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Biden's Approval Of An Alaskan Oil Project And Its Projected Impact On The Environment

Miruna Demian, XII A

Last month, on March 13, Biden's administration approved the massive Willow oil drilling project in Alaska. Why should this matter to the rest of the world?

ConocoPhillips controls Willow, an oil reserve located on Alaska's North Slope in Arctic Alaska, less than 50 kilometres from the Arctic Ocean. The area is part of the National Petroleum Reserve-Alaska, the largest piece of public land in the country and is home to thousands of migrating caribou, waterfowl, and polar bears. The oil company views this large public-lands area as the "next great Alaska hub" for oil development, claiming to have identified a vast amount of oil, potentially totalling 3 billion barrels, that can only be accessed with the Willow infrastructure in place.

ConocoPhillips, a major oil company that earned $18.7 billion in 2022, has been granted initial approval to drill in three locations for oil. Willow, located in the National Petroleum Reserve-Alaska, is the largest proposed oil extraction project on federal lands. It is predicted to release more than 250 million metric tons of carbon dioxide into the atmosphere in the next 30 years, which is equivalent to the emissions from 66 coal-fired power plants or 56 million vehicles in one year. The project plans to construct up to 250 wells, 37 miles of roads, 389 miles of pipelines, airstrips, and a new central processing facility, and as a result, would contribute more greenhouse gas emissions than any other project proposed on public lands in America. This will significantly hinder efforts to meet emission reduction targets and keep global warming below 2º Celsius. The United States is the second-largest emitter of climate pollution in the world, behind China.

The entire project received initial approval several years ago from the Trump administration, but in 2021, a federal judge in Alaska overturned the decision. The judge ruled that the environmental analysis was inadequate and required revision.

So, why did Biden approve Willow, despite his environmental pledges?

Alaskan officials have been lobbying President Biden on the issue since the start of his presidency, and he requires the support of two of them - Senator Lisa Murkowski (R-Alaska) and Representative Mary Peltola (D-Alaska) - to pass his appointees and agenda through a closely divided Congress. Biden has also made promises to voters to combat high oil and gasoline prices and has acknowledged that oil is likely to play a significant role in the economy for the foreseeable future.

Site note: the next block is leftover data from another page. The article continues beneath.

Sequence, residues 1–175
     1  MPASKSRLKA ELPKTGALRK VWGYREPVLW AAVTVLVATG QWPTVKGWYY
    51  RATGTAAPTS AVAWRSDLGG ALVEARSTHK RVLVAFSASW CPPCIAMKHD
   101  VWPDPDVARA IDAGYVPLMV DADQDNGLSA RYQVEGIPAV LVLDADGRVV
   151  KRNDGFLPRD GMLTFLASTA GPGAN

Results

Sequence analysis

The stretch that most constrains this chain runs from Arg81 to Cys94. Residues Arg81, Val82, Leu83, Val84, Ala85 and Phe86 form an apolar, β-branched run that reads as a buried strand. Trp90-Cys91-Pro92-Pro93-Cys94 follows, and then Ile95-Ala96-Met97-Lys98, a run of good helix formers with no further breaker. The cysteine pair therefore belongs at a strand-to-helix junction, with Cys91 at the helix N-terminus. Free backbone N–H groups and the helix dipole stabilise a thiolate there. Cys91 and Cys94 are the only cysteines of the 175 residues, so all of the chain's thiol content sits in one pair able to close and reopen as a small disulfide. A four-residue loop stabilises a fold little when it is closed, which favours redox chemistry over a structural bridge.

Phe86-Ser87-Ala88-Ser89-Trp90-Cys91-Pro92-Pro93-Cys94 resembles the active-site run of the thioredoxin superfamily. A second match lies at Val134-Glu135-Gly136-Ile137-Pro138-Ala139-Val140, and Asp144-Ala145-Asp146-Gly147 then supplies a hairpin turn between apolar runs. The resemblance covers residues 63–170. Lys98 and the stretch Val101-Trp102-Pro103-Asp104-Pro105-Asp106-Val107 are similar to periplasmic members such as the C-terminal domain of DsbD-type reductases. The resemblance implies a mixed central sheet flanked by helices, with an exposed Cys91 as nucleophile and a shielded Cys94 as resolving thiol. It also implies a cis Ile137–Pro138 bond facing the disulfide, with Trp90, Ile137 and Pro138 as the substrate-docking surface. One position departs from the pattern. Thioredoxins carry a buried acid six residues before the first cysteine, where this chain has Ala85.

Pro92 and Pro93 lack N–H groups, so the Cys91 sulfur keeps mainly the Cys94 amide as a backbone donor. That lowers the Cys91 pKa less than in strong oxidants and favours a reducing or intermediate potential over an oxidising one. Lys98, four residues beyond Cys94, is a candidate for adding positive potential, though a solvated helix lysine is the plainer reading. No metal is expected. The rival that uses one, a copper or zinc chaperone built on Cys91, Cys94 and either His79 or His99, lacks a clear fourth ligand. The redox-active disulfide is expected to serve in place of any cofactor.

Environmental activists strongly opposed the Willow project, especially since President Biden had made significant commitments to prioritize environmental protection, combat climate change, and halt drilling on public lands. While administration officials acknowledged the importance of these issues, they were not sufficient to halt the project. Rejecting the project could have resulted in ConocoPhillips filing a lawsuit and potentially receiving billions of dollars at the expense of taxpayers. Legal experts have suggested that even if the project were rejected, the oil company could still proceed with its development.

On March 28, a Gulf of Mexico oil and gas lease sale, which is one of the biggest in U.S. history, is set to take place. The leasing area for Lease Sale 259 contains petroleum reserves that have the potential to produce over 1 billion barrels of oil and 4 trillion cubic feet of natural gas. This represents another alarming carbon bomb that is slowly proceeding through the federal approval process.

The resolution of the climate crisis cannot rely solely on clean energy technology, as keeping oil and gas reserves unexploited should also be considered. In terms of fossil fuel extraction on public lands, the United States is still heading in the wrong direction.

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